For example, if your RAM 1500 has a towing capacity of 9,000 pounds, the 80/20 rule would tell you not to tow anything over 7,200 pounds. Why would someone follow this rule? Because it gives some cushion to that max towing capacity.

When manufacturers set the max towing capacity for each vehicle, they do so under idle conditions.

It’s not real-world driving with crosswinds and gravel roads. Leaving a cushion just provides an even safer drive with room for possible errors in calculations.

How to Properly Match a Trailer With Your Towing Capacity

So you’re ready to purchase a travel trailer and start your camping adventures! How do you know what you can safely tow?

First, know the max towing capacity of your tow vehicle. Remember, each model is different based on the vehicle’s weight, axle rating, engine type, and any modifications.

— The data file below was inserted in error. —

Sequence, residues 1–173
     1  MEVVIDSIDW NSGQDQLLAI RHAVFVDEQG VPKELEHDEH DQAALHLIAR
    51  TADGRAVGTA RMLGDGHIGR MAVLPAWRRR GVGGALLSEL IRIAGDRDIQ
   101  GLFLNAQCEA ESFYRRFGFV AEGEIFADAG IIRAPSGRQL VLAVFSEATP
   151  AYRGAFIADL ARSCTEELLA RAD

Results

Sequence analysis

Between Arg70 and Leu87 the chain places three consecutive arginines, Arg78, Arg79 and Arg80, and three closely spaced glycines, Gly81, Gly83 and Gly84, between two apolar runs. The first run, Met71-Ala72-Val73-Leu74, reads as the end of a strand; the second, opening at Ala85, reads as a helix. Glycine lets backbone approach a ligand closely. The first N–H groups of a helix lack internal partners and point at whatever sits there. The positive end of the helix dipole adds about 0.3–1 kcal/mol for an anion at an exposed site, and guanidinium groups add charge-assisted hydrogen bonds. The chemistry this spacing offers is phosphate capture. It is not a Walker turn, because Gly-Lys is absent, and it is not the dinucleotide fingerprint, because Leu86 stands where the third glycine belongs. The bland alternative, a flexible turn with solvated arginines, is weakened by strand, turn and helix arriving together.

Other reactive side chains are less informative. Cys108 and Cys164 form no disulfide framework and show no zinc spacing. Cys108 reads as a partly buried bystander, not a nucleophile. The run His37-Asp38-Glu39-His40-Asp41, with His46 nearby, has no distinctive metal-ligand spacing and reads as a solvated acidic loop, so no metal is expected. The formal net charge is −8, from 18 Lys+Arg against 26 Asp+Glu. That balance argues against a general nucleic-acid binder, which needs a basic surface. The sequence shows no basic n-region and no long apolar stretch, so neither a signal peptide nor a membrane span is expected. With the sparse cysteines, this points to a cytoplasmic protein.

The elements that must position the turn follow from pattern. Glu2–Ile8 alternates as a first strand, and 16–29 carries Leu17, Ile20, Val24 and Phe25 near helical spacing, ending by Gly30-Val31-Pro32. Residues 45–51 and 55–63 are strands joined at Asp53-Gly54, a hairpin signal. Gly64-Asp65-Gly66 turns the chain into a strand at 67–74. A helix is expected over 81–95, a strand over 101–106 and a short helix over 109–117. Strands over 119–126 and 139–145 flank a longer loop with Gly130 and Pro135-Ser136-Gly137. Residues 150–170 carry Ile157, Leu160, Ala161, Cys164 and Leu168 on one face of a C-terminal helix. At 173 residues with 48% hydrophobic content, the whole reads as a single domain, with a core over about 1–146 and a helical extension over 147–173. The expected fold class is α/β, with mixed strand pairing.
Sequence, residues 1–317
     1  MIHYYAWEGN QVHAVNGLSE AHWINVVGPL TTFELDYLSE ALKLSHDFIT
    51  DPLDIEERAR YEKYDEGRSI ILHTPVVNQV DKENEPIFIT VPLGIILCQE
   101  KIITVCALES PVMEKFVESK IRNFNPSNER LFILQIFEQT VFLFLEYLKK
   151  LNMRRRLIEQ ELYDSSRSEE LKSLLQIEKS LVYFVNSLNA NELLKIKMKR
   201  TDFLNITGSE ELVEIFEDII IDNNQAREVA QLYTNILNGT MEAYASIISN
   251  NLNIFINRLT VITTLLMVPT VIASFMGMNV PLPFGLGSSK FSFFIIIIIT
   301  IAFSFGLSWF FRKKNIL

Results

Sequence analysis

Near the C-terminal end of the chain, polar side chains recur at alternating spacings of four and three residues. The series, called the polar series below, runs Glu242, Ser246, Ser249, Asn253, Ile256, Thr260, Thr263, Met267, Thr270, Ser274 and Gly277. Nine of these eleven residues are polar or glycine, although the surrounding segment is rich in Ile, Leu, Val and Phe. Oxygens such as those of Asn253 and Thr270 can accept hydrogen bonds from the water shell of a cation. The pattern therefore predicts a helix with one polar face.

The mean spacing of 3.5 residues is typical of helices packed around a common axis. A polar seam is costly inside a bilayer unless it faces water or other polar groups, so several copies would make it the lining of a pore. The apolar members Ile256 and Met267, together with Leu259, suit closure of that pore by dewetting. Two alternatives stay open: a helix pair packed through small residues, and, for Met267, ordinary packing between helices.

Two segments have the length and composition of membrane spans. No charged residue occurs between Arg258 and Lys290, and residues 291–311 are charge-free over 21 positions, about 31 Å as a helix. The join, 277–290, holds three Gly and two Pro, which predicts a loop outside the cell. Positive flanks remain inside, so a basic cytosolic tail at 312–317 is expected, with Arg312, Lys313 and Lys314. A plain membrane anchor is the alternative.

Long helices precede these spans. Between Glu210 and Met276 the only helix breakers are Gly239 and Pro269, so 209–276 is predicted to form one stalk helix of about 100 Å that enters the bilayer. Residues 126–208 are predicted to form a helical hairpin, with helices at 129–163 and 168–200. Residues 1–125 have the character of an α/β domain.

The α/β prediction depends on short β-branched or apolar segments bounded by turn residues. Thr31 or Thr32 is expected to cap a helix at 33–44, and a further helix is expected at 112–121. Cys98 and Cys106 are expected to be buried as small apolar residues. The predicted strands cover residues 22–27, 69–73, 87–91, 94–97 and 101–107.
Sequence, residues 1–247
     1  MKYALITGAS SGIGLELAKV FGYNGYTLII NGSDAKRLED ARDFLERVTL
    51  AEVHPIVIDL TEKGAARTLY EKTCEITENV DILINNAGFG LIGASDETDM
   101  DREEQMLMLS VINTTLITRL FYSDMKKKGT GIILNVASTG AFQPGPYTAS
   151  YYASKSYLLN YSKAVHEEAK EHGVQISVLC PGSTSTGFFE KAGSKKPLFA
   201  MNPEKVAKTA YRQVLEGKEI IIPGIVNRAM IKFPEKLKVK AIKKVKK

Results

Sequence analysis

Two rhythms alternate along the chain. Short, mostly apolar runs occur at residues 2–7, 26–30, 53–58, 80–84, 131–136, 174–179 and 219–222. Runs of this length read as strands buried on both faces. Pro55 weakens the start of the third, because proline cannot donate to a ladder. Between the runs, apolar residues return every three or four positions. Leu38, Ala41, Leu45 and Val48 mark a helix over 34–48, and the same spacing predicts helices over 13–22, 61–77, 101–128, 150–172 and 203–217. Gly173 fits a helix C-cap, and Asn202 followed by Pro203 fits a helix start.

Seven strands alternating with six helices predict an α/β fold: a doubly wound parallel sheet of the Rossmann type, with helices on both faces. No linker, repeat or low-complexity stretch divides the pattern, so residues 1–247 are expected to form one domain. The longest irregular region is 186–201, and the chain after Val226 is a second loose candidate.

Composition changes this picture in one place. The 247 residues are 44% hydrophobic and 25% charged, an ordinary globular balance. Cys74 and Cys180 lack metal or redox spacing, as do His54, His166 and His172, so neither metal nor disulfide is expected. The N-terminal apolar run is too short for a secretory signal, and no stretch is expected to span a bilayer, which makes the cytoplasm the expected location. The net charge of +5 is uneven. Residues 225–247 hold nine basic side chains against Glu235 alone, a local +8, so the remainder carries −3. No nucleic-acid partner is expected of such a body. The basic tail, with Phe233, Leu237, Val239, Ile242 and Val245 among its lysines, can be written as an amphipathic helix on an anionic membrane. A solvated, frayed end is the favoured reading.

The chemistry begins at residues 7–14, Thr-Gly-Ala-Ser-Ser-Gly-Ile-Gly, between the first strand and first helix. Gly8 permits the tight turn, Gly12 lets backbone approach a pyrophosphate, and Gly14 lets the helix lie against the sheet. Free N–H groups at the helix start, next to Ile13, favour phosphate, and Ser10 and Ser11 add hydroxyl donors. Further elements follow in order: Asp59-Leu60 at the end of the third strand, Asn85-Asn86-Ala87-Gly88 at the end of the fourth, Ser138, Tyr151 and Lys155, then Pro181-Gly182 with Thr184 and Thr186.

Contact the manufacturer if you can’t figure out your max tow capacity.

Always Look at GVWR, Not Dry Weight

When you’re shopping around for a travel trailer or fifth wheel, always look at the GVWR on the sticker. You can usually find this on the driver’s side on the front of the rig.

Don’t pay attention to the dry weight (UVW) because, as mentioned before, this has probably changed, and it doesn’t matter for your max towing capacity. If the GVWR is within your safe towing limits, then you can pull that rig.

Remember the 80/20 rule. If the RV’s GVWR is 9,900 and your max tow capacity is 10,000, you may want to reconsider.

Unless you don’t plan on loading lots of stuff into your RV, you’ll probably come close to that 9,900 limit.

What Happens If You Max Out Your Towing Capacity?

Just because your Toyota Tundra can tow a certain amount doesn’t mean you want to force it to. You’re putting the life of your truck at risk if you max out your towing capacity.

Big 18-wheelers have much larger tires, more powerful engines, and stronger braking systems for a reason. Towing is no small feat.

If you max out or exceed your towing capacity, you’ll eventually ruin your brake system, blow your tires, or damage your transmission. Your vehicle was designed to do certain things. But towing at capacity often was not one of those things.